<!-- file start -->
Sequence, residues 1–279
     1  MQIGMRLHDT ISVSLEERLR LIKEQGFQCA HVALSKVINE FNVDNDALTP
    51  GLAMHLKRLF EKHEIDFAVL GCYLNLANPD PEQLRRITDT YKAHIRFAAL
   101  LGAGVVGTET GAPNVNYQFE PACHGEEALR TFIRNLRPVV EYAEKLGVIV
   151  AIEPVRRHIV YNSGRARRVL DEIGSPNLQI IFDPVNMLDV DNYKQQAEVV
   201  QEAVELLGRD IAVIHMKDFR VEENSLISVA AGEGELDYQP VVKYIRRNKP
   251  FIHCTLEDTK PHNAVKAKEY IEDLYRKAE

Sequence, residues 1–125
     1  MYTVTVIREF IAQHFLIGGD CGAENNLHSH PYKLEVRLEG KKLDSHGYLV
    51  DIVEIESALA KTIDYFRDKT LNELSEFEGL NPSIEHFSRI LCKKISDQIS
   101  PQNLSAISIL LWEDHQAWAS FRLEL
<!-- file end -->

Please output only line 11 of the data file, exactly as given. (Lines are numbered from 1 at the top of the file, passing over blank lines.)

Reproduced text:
   101  PQNLSAISIL LWEDHQAWAS FRLEL